When a 10-mile stretch of the 405 freeway on the west side of Los Angeles — known as the busiest freeway in the United States — was to be shut down for nearly 60 hours one weekend in July so an overpass could be knocked out, the fear of the whole metropolitan area of L.A. being locked in insufferable gridlock was so great the weekend was called “carmageddon.” Residents were advised to carry water, food and medicine with them if they ventured out that weekend into what was hyped as an apocalyptic event.
So what happened? Everybody stayed home and as a result, the freeways and streets of L.A. were almost empty.
But some of the employees of LaLonde Equipment Rental weren't home — they were on the jobsite. The heavy equipment rental specialist, that offers equipment with operators as well as bare, sent a wheel loader and an excavator to the carmageddon jobsite, arriving 12 hours in advance for inspection. One excavator, armed with a hydraulic breaker, worked on top of the bridge, while a wheel loader placed dirt under the bridge so falling chunks of concrete wouldn't damage the freeway below. The closely watched job — observed by thousands via television and live mini-cam — was pulled off without a hitch, in less time than expected. Monday morning the freeway was open and running normally.
“Carmageddon” was just one of many important jobs in Southern California that LaLonde Equipment Rental played a role in. The company helped update the international terminal at the Los Angeles Airport — which handles more origin and destination flights than any other terminal in the world — as well as helping expand the taxiways on the tarmac outside. It helped plan and build border fences along the U.S.-Mexico border, figuring out how to maneuver large excavators into steep canyons and ravines in terrain so rugged it took a full day just to get a machine in to the area.
Not a lot of people know it exists or how to pronounce its name, but family-owned LaLonde Equipment Rental has grown to become a major player in the ultra-competitive heavy equipment rental scene in California. And during the past few years, when the collapse of the Southern California housing market has been legendary, LaLonde has found a way to adapt and adjust and become one of the region's leading independent equipment rental players, narrowly missing being listed as one of the 100 largest rental companies in North America (it is listed at No. 101).
Now a second-generation rental company run by president Janelle Reusch and her brother Brian LaLonde, vice president, the company has about 80 pieces of earthmoving equipment, ranging from 17,000-pound mini-excavators to 175,000-pound excavators. LER employs 30 full-time operators, and about half of its rentals include operators, a unique niche in today's rental industry. It happened with the “carmageddon” project and it happens on many jobs — customers call and ask for operators because they have a level of experience and expertise that is highly desired.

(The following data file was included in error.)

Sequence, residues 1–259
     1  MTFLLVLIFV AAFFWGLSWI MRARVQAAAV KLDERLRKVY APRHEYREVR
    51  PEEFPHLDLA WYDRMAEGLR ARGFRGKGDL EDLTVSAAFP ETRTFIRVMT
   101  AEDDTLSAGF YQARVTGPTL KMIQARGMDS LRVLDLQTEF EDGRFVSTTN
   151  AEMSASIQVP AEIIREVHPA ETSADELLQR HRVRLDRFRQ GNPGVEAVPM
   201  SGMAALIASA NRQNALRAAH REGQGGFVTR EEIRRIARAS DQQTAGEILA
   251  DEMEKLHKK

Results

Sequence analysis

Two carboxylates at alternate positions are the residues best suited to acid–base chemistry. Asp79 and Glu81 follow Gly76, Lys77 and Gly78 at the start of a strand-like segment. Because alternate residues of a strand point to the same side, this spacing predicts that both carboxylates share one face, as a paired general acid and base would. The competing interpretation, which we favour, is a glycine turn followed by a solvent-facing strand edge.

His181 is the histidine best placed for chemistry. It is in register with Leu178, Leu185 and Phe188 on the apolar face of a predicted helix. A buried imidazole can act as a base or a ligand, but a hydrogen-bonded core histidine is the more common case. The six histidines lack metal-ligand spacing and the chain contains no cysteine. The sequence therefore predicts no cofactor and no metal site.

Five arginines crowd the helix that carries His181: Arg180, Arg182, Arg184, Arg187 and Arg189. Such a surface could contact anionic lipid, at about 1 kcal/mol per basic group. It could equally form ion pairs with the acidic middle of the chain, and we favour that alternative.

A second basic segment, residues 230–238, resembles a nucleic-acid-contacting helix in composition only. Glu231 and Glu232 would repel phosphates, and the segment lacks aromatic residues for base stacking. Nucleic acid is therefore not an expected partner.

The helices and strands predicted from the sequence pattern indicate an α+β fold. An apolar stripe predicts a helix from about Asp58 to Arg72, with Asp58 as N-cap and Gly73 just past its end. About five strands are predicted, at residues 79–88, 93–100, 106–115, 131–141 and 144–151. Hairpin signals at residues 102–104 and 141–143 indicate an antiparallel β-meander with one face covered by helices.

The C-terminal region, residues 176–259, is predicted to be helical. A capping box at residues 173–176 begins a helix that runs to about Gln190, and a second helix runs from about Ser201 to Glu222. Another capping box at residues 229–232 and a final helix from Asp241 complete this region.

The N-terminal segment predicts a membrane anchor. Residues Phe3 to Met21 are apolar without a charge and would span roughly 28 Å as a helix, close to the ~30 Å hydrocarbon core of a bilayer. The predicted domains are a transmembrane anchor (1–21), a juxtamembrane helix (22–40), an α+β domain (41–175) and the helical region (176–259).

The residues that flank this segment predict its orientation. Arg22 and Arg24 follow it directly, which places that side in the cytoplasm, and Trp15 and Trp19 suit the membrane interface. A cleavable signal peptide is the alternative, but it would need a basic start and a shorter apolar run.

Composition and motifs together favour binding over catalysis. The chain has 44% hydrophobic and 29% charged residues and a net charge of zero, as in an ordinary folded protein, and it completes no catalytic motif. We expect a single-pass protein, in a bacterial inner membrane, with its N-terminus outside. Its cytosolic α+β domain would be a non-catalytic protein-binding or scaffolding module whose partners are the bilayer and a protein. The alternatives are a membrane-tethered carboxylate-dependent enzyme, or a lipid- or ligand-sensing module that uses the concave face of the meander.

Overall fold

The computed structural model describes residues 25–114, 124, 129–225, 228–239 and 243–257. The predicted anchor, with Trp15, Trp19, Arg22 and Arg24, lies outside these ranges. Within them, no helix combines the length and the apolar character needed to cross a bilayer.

“Our operators are probably the best in the industry,” says LaLonde. “They are usually better than the employees the contractor has, so our guys stay busy because customers call and request them by name every day. [The contractors on the 405 closure] were doing 12-hour shifts, so they wanted their guy on 12 hours and then have one of our guys, his name is Kirt, on for the other 12 hours.”
“It would have been next to impossible to try to find somebody with those types of skills at night under those conditions,” says Jason Groom, vice president sales/field operations. “That's what makes it unique for us; that's why they come to a company like ours.”
The experience level of the LaLonde operators is a major strength.
“Our average operator has over 30 years of experience and a lot of times they are also out there as a voice for the best application on how to get it done,” says Reusch. The highly skilled and experienced operators are also valuable to LaLonde Equipment because of their ability to represent the company on the jobsite. They essentially act as unofficial sales staff, developing relationships with contractors. The ability to advise and suggest on the best way to do jobs creates trust and an atmosphere of collaboration so that customers not only call back and ask for LaLonde to be present on the next job, but they'll ask for specific operators by name.
Casual conversation on the jobsite often leads to future rentals. “They are not all professional salespeople, but they are there having lunch with the guys,” says LaLonde. “And if someone says, ‘we need a wheel loader, they'll say ‘you want me to call the office and see if we have one available?’”
The presence of skilled operators also helps reduce service calls. LER has eight people in the shop and three mechanics with full-time service trucks. “We like our operators to have their own field trucks and bring extra items with them, so if a hose blows, or some other part needs to be replaced, they have the tools right then and there to change the hose or perform other repairs,” Reusch says.
The operators often bring attachments along that might be needed for a particular job so that additional rentals might develop as the job progresses.
Customers are attracted to LaLonde because of its highly skilled operators, but also because the company buys new equipment and has a relatively young fleet. In an era when many heavy-equipment jobs are done by government agencies, having new or almost-new machines with environmentally compliant engines is a great advantage.
For LaLonde Equipment, having newer equipment also rewards their operators and helps them to be more productive with well-maintained, almost-new equipment with enclosed cabs.
“That was a decision we made a couple of years back,” says LaLonde. “Our goal was to go to the best machines available and in Southern California, that's not very common because everyone has open-ROPS machines. For our employees, over their life, being in an environment that's air-conditioned, not breathing in the dust is going to be that much better for them.”
“We're constantly thinking about that operator in the seat, whether it's our operator or somebody else's operator,” adds Reusch. “What do they want to be comfortable to get the job done and be most productive?”
Although owners LaLonde and Reusch are relatively young, LaLonde Equipment Rental is not the new kid on the block. The company was founded by their parents Rudy and Mary Lou LaLonde in 1966 when Rudy, fresh out of the army, bought his first tractor and began operating the machine himself with a farm-disk attachment, plowing fields to keep the weeds down. He eventually got into grading work and began buying more machines and renting them.